I’ve been seeing a lot of Internet memes lately (like the image below) about how if a man/woman isn’t jealous for you, then he/she doesn’t actually care.
And at first,gr I laughed and thought, “So true!”
But as I continued to reflect, I thought, “Wait...no, it is not! Why do we think this way? Why are we giving such a negative emotion leniency in our relationships?”
Because the truth is, jealousy isn’t attractive. It isn’t cute if a man gets angry that someone is talking to you. It isn’t hot when your partner is upset about who your friends are and what you do with them.
Now, it is important to be able to distinguish between genuine concern and jealousy. If you’re out at a bar with your significant other, and a convicted rapist (extreme example, but stay with me) approaches you and wants to hang out, your partner is likely going to try to help you out and steer you away from the situation. That is genuine concern. But if you’re out at the bar with your friends, having drinks and laughing and having a good time, but your partner texts you asking where you are and says he hopes you aren’t with any guys and if anyone approaches you then he’ll beat them up . . . that’s jealousy. And there isn’t any actual reason for it.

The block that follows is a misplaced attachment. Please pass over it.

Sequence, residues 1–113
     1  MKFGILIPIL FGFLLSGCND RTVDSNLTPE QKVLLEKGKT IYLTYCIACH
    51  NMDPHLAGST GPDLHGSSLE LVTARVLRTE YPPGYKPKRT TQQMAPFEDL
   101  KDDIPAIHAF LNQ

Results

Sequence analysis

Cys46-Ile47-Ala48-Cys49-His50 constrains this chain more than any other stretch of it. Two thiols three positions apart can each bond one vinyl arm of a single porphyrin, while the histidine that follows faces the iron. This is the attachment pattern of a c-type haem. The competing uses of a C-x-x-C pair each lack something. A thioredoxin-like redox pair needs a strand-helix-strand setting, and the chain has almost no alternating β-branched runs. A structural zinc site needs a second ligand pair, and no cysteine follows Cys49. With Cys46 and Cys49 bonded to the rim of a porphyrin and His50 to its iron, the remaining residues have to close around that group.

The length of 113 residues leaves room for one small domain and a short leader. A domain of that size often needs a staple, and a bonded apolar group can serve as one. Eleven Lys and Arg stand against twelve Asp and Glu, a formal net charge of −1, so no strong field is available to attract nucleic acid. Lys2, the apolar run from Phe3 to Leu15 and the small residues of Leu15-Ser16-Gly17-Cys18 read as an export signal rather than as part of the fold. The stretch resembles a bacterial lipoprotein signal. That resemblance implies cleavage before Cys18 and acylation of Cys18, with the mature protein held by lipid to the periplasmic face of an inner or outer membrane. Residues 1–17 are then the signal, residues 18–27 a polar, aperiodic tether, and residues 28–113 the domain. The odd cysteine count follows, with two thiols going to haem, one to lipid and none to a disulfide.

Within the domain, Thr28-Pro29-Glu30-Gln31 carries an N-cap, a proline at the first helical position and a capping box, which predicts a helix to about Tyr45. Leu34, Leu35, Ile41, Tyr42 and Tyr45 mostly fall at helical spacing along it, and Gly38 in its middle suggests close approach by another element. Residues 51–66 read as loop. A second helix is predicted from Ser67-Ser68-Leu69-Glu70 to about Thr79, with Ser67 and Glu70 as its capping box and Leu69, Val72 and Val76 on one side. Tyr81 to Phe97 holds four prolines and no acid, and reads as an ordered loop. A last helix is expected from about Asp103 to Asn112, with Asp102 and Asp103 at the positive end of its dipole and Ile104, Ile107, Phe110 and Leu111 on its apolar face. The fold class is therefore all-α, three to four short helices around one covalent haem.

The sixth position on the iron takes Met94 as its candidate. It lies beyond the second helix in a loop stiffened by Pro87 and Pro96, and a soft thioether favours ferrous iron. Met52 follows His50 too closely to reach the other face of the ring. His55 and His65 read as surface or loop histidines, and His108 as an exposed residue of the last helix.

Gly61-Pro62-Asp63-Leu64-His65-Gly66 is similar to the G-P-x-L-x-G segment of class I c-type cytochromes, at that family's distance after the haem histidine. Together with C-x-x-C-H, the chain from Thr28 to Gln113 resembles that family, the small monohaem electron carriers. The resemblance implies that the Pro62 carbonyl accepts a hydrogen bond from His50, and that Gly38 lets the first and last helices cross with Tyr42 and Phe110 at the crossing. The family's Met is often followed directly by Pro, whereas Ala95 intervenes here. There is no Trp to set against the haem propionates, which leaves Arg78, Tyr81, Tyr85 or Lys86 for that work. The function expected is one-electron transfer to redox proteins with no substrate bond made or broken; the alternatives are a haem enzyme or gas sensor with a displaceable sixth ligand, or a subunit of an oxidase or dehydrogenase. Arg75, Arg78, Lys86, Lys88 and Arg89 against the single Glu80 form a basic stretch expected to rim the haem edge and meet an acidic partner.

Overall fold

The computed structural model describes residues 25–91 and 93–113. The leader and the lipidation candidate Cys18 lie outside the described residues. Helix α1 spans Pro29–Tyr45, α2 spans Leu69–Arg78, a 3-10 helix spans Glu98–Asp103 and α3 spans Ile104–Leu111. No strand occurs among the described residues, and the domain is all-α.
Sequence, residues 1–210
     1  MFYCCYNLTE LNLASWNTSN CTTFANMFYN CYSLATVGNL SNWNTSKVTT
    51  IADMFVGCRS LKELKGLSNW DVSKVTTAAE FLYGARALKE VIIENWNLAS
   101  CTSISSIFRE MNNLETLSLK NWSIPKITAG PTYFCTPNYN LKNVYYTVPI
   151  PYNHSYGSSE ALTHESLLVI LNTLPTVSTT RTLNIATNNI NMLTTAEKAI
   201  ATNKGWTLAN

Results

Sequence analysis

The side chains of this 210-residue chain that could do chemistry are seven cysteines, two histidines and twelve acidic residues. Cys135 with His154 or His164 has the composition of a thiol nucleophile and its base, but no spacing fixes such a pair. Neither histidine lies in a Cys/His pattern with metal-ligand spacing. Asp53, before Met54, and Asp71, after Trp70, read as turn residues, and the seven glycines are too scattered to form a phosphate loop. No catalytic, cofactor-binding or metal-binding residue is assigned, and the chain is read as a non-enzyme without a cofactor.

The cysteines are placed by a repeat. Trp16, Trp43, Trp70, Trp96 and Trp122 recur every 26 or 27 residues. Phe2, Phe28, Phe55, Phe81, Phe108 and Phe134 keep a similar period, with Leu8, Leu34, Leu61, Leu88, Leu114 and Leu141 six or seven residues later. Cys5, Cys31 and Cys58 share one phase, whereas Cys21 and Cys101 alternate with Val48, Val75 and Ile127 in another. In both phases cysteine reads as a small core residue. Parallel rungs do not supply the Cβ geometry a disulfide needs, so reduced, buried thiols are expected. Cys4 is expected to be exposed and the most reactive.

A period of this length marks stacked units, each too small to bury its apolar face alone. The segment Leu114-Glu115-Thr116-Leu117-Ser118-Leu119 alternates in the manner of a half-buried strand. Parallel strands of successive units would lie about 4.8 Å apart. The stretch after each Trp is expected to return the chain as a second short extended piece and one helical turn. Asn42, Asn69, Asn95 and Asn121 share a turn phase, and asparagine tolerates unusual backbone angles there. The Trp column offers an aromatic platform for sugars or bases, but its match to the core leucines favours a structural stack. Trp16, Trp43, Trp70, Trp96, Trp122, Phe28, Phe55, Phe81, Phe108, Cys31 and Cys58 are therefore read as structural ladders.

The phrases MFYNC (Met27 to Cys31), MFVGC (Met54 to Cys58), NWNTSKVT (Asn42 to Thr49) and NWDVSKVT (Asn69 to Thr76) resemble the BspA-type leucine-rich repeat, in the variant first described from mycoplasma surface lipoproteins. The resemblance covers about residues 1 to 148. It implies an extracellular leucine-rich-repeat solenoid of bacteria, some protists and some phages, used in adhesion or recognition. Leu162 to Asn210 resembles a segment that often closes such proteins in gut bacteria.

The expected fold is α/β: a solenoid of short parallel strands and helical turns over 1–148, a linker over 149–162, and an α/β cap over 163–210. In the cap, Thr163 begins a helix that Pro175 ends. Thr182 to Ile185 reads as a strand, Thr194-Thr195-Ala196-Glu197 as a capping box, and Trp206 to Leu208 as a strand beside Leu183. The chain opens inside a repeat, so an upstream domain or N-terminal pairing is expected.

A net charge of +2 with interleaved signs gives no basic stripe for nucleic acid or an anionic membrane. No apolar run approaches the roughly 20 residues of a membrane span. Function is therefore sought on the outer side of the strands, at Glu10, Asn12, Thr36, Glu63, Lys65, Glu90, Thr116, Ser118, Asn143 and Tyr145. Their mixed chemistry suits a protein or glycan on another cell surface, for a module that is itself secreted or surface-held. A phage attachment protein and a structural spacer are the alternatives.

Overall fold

It is nice when your partner wants to protect you. And even if you don’t actually need his/her protection, it is nice to know that he/she wants to do his/her best to make sure you’re safe, secure and living the life you deserve.
It is not, however, nice when your partner wants you to hang out with certain people simply because he/she does not trust your other friends. It is not comforting to know that he/she could get angry when you have a simple conversation with someone.
Talk about jealousy. Talk about the way both of you feel when it comes to other influences in your relationship. Openly communicate your own jealousy (because let’s be honest, we’ve all been there). Make sure that you both are aware of how the person feels, and make a plan that includes both of you working on such issues in the relationship.
Relationships are difficult. They really are a lot of work; that’s not just some cliché. If you or your partner is feeling jealous, there is a reason why. So ask the question and work on the answer because jealousy isn’t healthy. It will pull your relationship into the fires of Mordor if you let it. It will destroy the trust and love that was once there. But if you work together to resolve the problems and communicate insecurities and discuss ways to help each other, the little green monster will go away and your relationship with each other and within yourselves will be that much stronger.